Wyke Farms announce new Cheesy Spud Kitchen and the return of Tom’s Toasties on tour

Bruton, Somerset, 18th May 2018 – Wyke Farms, the UK’s largest independent cheese producers and producers of renewable energy, today announce their experiential offering for summer with their brand new Tom’s ‘Spud Kitchen’ which is set to tantalise taste buds at some of the South West’s biggest events.

Touring with Tom’s Toastie Kitchen - now in its third year and back by popular demand - Wyke’s new Spud Kitchen will serve mouth-watering jacket potatoes with a selection of fillings. Softly baked to perfection, with a bronzed outer jacket and topped with Wyke’s Salted Farmhouse Butter and their award-winning Extra Mature Cheddar, Tom’s Spuds are the ideal fill for a field foodie, festival goer and more!

Tom’s Spud’s Menu
All served with Wyke Farms Extra Mature Cheddar, choose from Simply Salted Butter, Smokey BBQ Pulled Pork, Baked Beans, Tuna, Chicken Curry, Chilli, Coleslaw, Baked Beans, Tuna, Sweetcorn and Mayonnaise, Ham, Pineapple, Red Onion, Pancetta and Caramelised Onions.
All spuds are approximately £5.00

Named after Grandfather Tom Clothier, Tom’s Toastie Trailer sells toasties made using Wyke’s award-winning farmhouse Cheddar, crafted from the family’s 155-year-old recipe. The cheese is left undisturbed for over 12 months to develop a full and rounded flavour before being graded by the Master Cheese Grader for delicious taste and guaranteed quality.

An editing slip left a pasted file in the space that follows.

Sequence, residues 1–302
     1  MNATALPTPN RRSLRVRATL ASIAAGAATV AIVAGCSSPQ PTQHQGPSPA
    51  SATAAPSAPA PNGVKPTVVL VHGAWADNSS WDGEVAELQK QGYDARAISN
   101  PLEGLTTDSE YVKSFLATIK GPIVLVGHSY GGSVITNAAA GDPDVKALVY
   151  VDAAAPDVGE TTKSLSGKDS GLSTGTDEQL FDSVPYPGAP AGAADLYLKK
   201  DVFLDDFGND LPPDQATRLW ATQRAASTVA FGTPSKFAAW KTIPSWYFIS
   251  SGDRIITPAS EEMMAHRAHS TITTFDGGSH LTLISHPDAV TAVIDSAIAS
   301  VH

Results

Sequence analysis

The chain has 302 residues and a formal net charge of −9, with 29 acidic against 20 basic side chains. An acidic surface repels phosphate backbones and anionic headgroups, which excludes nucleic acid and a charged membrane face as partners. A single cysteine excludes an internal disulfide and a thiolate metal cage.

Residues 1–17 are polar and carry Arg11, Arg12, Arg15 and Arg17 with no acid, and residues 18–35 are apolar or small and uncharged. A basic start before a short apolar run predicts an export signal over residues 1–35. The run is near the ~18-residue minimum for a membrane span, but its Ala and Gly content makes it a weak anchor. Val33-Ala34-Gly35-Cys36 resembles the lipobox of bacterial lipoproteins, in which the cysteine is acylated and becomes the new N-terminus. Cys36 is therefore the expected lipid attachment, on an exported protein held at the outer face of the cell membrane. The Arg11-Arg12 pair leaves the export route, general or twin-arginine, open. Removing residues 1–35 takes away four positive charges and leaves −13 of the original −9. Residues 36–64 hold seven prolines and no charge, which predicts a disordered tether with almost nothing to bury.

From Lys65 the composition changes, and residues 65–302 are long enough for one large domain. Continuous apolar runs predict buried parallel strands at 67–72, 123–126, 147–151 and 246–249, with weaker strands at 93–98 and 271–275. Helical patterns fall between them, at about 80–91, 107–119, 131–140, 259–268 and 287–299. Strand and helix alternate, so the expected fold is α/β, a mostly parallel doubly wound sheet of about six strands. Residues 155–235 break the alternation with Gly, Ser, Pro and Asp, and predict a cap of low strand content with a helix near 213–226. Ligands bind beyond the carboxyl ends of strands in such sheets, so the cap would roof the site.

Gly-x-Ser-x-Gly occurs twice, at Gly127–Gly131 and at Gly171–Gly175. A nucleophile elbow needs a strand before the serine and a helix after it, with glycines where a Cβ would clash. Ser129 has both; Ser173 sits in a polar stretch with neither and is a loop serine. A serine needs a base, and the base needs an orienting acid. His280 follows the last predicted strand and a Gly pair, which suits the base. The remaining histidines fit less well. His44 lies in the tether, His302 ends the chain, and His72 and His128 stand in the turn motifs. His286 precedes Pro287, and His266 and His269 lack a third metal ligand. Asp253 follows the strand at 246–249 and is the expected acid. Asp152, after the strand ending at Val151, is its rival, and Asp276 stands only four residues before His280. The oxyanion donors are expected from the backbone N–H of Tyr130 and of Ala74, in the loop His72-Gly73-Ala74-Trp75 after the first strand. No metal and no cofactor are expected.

Tom’s Toastie Menu:

Choose from old favourites including tomato, onion, ham, chorizo or spicy tomato chutney or why not try one of Wyke’s specials?:

Mushy peas and Extra Mature Cheddar
Monterey Jack, Chocolate Spread, and Marshmallows
Toastie’s are priced at approximately £5

Wyke’s mobile kitchens will be bringing a taste of their award-winning cheddar to the following events:

Tom’s Toasties

Common People Oxford, 26-27 May
Common People Southampton, 26-27 May
Royal Bath & West Show, Bath & West Showground, 30 May – 2 June
Home Farm Festival, Chilton Domer, 8-18 June
Weston Air Day, Weston Super-mare Seafront, 23-24 June
Giant Flea Market, Bath & West Showground, 15 July
Camp Bestival, Lulworth Castle, 26-29 July
New Wine Festival, Bath & West Showground, 28 July – 11 August
Bestival, Lulworth Castle, 2-5 August
Boomtown Fair, Matterley Estate, Hampshire 9 -12 August
Gillingham and Shaftesbury Show 15 August
Fitfest, Bath & West Showground, 18-19 August
Giant Flea Market, 26 August
Pilton Party, Worthy Farm, 7 September
From Cheese Show, West Woodlands, Frome, 8 September
Dairy Show, Bath & West Showground, 9 October
Giant Flea Market, Bath & West Showground, 21 October
Footman James Classic Car Show, Bath & West Showground, 3 November